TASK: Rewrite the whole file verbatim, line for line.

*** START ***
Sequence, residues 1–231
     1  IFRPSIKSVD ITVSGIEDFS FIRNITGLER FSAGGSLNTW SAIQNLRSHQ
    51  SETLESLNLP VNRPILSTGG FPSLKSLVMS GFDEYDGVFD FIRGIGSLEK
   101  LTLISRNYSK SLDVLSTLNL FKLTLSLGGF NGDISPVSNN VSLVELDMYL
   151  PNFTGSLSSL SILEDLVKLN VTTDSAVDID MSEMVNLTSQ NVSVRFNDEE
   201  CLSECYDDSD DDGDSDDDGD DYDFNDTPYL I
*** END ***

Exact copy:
Sequence, residues 1–231
     1  IFRPSIKSVD ITVSGIEDFS FIRNITGLER FSAGGSLNTW SAIQNLRSHQ
    51  SETLESLNLP VNRPILSTGG FPSLKSLVMS GFDEYDGVFD FIRGIGSLEK
   101  LTLISRNYSK SLDVLSTLNL FKLTLSLGGF NGDISPVSNN VSLVELDMYL
   151  PNFTGSLSSL SILEDLVKLN VTTDSAVDID MSEMVNLTSQ NVSVRFNDEE
   201  CLSECYDDSD DDGDSDDDGD DYDFNDTPYL I